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dc.contributor.authorMarques dos Santos, John
dc.contributor.authorJagadamma, Lethy Krishnan
dc.contributor.authorLatif, Najwa Mousa
dc.contributor.authorRuseckas, Arvydas
dc.contributor.authorSamuel, Ifor D. W.
dc.contributor.authorCooke, Graeme
dc.date.accessioned2019-06-17T15:30:06Z
dc.date.available2019-06-17T15:30:06Z
dc.date.issued2019-05-16
dc.identifier.citationMarques dos Santos , J , Jagadamma , L K , Latif , N M , Ruseckas , A , Samuel , I D W & Cooke , G 2019 , ' BODIPY derivatives with near infra-red absorption as small molecule donors for bulk heterojunction solar cells ' , RSC Advances , vol. 9 , no. 27 , pp. 15410-15423 . https://doi.org/10.1039/C9RA01750Jen
dc.identifier.issn2046-2069
dc.identifier.otherPURE: 259341573
dc.identifier.otherPURE UUID: 3fc623ca-291d-43bc-818a-c4241e2ce877
dc.identifier.otherBibtex: urn:3eab6ab29279c80f981566ae02772de4
dc.identifier.otherORCID: /0000-0001-9114-3522/work/58755473
dc.identifier.otherScopus: 85065998080
dc.identifier.otherORCID: /0000-0002-4339-2484/work/60196632
dc.identifier.otherWOS: 000470161800035
dc.identifier.urihttp://hdl.handle.net/10023/17907
dc.descriptionWe are grateful to EPSRC for financial support (grants EP/L012294/1 and EP/E036244/1). JMDS thanks CAPES for funding. NML thanks the Iraqi government for funding. Theresearch data supporting this publication can be accessed at DOI: http://dx.doi.org/10.5525/gla.researchdata.666en
dc.description.abstractThe study of small donor molecules as the active component of organic solar cells continues to attract considerable attention due to the range of advantages these molecules have over their polymeric counterparts. Here we report the synthesis and solar cell fabrication of three BODIPY small molecule donors. Two of the dyes feature triphenylamine and phenothiazine as donor units attached to the meso and α-positions of the BODIPY core (TPA-PTZ-DBP and PTZ-TPA-BDP). Additionally, we have synthesised a push–pull derivative featuring phenothiazine moieties in the α-positions and a nitrobenzene in the meso-position (N-TPA-BDP) in order to investigate what effect this type of functionalisation has on the photovoltaic properties compared to the other dyes. The optoelectronic properties were investigated and the dyes showed broad absorption in the near-infrared with high extinction coefficients. Electrochemical measurements indicated good reversibility for the dyes redox processes. In contrast with the all-donor functionalised systems, N-TPA-BDP demonstrated extensive HOMO–LUMO overlap by DFT. The dyes were investigated as donor molecules in bulk heterojunction solar cells along with PC71BM, and under optimal donor to acceptor ratio PTZ-TPA-BDP showed the highest PCE of 1.62%. N-PTZ-BDP:PC71BM was the only blend to further improve upon thermal annealing reaching the highest conversion efficiency among the dyes of 1.71%. A morphology comprised of finely mixed donor and acceptor components is observed for BHJ blends of each of the three donors at their optimum fullerene content. Upon thermal annealing, these morphological features remain mostly the same for PTZ-TPA-BDP:PC71BM and TPA-PTZ-DBP:PC71BM blends whereas for N-PTZ-BDP:PC71BM the domains show a larger size. These dyes show that phenothiazine functionalisation of BODIPY is useful for solar cells because it gives strong and broad absorption extending to the near infra-red and materials with reversible redox properties – both of which are desirable for organic solar cells.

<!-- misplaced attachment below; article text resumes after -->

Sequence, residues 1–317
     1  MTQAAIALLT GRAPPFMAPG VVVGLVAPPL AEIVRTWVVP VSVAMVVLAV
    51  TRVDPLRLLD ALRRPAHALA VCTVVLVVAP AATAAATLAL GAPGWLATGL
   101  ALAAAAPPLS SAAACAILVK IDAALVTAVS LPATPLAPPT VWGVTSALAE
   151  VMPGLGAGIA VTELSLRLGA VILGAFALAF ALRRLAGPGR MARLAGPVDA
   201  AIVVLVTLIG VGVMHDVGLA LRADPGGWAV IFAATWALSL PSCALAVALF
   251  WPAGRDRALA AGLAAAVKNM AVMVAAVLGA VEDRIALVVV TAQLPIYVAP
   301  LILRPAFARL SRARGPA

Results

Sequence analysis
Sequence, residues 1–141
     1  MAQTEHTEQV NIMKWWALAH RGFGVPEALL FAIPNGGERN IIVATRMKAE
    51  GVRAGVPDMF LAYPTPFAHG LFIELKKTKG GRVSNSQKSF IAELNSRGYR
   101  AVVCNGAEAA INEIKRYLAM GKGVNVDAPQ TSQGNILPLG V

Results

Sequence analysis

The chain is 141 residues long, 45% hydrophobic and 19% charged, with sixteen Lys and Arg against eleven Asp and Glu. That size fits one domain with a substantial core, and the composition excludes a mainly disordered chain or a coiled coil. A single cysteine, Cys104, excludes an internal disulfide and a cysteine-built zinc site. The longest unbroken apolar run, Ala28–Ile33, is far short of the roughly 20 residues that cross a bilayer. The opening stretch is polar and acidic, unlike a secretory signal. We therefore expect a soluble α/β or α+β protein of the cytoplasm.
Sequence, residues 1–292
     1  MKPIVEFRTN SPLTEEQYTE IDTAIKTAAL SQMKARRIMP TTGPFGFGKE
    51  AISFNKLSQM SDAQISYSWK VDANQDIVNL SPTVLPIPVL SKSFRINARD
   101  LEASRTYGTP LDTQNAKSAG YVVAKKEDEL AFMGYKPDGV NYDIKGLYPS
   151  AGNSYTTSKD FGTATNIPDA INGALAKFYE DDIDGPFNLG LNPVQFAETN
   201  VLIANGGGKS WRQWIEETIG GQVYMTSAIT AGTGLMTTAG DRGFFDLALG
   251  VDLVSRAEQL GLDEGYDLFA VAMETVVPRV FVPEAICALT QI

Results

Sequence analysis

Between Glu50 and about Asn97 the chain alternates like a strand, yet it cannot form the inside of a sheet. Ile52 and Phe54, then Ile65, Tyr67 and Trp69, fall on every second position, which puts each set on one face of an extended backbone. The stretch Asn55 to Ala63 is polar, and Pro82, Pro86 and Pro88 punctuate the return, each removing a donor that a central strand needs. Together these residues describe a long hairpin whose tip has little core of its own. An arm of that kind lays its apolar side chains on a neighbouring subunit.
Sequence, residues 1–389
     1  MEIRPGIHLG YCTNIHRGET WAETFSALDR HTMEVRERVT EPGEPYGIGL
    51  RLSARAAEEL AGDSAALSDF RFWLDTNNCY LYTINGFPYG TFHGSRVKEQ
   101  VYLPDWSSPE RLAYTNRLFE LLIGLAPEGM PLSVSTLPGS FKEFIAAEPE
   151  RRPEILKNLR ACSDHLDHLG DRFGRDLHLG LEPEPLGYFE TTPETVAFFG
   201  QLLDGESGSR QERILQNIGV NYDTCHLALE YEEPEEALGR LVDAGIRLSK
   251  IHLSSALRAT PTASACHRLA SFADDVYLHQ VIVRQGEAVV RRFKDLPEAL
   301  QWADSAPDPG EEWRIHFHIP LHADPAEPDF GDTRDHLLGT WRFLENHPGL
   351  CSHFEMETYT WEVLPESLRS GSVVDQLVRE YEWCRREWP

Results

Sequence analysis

dc.format.extent14
dc.language.isoeng
dc.relation.ispartofRSC Advancesen
dc.rightsCopyright © 2019 The Author(s). Open Access Article. This article is licensed under a Creative Commons Attribution 3.0 Unported Licence.en
dc.subjectQC Physicsen
dc.subjectDASen
dc.subject.lccQCen
dc.titleBODIPY derivatives with near infra-red absorption as small molecule donors for bulk heterojunction solar cellsen
dc.typeJournal articleen
dc.description.versionPublisher PDFen
dc.contributor.institutionUniversity of St Andrews.School of Physics and Astronomyen
dc.contributor.institutionUniversity of St Andrews.Centre for Biophotonicsen
dc.contributor.institutionUniversity of St Andrews.Condensed Matter Physicsen
dc.identifier.doihttps://doi.org/10.1039/C9RA01750J
dc.description.statusPeer revieweden


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